Reviewers of The Amber Room praised Berry's research, but they also had reservations about the writing in this first novel. Library Journal contributor Ronnie H. Terpening, for example, felt that Berry's "thorough research into the art world dominates the story." Terpening further noted that despite its "uneven" pace and "occasionally forced plot developments," Berry's "intriguing story and engaging characters are vivid enough to merit a recommendation." Similarly, a contributor to Publishers Weekly thought that this "hefty thriller" is "long on interesting research but short on thrills." The same reviewer further commented: "All the right elements are in place, but the book is far too long and not as exciting as the ingredients suggest." Stronger praise came from David Pitt, who commented in Booklist that the novel is "plotted cleverly and written with style and substance." Pitt also wrote that this debut from a lawyer-turned-writer is a "welcome change from the usual legal-thriller fare from wanna-be [Scott] Turows."

Once again using Russia as a setting, Berry serves up more history and speculative what-ifs with The Romanov Prophecy. Focusing on the restoration of the Romanov dynasty, Berry creates another protagonist lawyer from Atlanta; this time it is African American Miles Lord, who is sent by his law firm to Moscow to aid in the vetting of the lineage of Stefan Baklanov, who claims to be a Romanov. The premise is that the Russian people have voted to restore the monarchy, and Baklanov is the principal candidate for this "office." Lord makes waves in Russia when he discovers a document that suggests that two of Tsar Nicholas's children may have survived. Additionally, he finds that Baklanov is a suspect individual who is controlled by the mafia. Such knowledge is dangerous, and now Lord is a hunted man.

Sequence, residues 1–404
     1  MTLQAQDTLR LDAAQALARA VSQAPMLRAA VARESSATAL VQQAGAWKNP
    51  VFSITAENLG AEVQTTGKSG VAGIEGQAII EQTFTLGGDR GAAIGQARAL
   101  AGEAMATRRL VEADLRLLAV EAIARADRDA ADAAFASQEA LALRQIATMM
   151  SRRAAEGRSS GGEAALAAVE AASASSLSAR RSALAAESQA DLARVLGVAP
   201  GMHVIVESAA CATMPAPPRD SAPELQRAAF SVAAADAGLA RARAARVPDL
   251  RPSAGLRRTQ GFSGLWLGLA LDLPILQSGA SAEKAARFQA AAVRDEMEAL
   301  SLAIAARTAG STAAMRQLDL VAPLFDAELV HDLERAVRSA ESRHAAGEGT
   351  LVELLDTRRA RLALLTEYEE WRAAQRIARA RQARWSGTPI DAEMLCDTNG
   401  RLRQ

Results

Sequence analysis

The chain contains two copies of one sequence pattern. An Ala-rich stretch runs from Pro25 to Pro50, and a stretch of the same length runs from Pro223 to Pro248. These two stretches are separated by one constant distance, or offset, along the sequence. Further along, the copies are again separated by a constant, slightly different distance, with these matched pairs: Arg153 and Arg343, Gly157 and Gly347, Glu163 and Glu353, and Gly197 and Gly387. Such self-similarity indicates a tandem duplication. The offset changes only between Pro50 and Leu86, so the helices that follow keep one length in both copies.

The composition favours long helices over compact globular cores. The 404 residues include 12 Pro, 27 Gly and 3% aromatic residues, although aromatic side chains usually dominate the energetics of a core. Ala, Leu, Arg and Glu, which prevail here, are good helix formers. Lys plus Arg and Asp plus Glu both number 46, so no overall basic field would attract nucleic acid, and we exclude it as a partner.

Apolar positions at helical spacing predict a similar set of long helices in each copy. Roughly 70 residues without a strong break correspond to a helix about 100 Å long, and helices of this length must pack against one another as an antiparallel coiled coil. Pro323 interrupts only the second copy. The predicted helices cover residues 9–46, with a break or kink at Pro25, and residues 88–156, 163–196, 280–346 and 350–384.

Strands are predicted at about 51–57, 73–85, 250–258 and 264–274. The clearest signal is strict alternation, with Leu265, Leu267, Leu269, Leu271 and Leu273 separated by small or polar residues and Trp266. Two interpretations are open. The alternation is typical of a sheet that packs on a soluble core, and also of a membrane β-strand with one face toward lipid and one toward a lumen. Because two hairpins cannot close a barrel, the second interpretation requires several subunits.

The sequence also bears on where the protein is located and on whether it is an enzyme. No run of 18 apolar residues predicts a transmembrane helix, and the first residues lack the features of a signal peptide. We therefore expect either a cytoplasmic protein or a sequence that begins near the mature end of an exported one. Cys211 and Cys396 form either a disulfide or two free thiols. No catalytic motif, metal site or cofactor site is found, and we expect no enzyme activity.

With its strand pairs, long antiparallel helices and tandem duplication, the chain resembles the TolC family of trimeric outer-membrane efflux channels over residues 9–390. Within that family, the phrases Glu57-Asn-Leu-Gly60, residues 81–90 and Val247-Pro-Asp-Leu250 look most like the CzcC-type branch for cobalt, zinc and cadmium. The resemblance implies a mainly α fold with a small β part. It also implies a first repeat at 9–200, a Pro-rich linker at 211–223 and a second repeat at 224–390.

This second thriller earned higher praise from critics, including Terpening. Again writing in Library Journal, Terpening called The Romanov Prophecy "an accomplished thriller," and praised Berry for "skillfully blending fact with a contemporary tale of conspiracy." A contributor to Kirkus Reviews noted that Berry provides a tale of "historically based international intrigue, swashbuckling action, [and an] indestructible hero from the American South." A Publishers Weekly reviewer observed that "Berry shows he's honed his craft since his somewhat shaky debut" in a "solid tale a cut above—and then some—many thrillers on the market."

Berry's next novel, The Third Secret, finds Father Colin Michener dealing with a conspiracy concerning an astounding Fatima prophecy. An effort to keep the prophecy secret leads to a murder involving a cardinal who wants to be the Pope. "Berry handles his thriller tradecraft skillfully, his descriptions are stellar, and … he offers a vivid re-creation of the majestic conclave" involved in electing a new Pope, wrote Ilene Cooper in Booklist. A Kirkus Reviews contributor commented that the author "serves tantalizingly true tidbits about the Church," adding that "his measured, elegant prose is a solid fit with the story."